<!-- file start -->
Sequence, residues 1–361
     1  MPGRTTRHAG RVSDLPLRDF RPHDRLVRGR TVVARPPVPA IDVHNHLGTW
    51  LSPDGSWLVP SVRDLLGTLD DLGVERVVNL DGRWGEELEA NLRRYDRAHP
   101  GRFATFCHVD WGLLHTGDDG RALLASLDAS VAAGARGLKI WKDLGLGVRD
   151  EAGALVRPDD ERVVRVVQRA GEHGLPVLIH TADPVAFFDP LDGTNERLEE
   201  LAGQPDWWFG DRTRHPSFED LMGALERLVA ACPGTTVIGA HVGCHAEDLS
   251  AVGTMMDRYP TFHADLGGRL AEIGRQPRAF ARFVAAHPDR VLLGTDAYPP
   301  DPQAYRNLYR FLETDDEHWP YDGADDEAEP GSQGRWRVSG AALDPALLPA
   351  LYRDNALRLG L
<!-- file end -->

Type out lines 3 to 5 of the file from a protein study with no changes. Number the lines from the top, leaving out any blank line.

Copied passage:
    51  LSPDGSWLVP SVRDLLGTLD DLGVERVVNL DGRWGEELEA NLRRYDRAHP
   101  GRFATFCHVD WGLLHTGDDG RALLASLDAS VAAGARGLKI WKDLGLGVRD
   151  EAGALVRPDD ERVVRVVQRA GEHGLPVLIH TADPVAFFDP LDGTNERLEE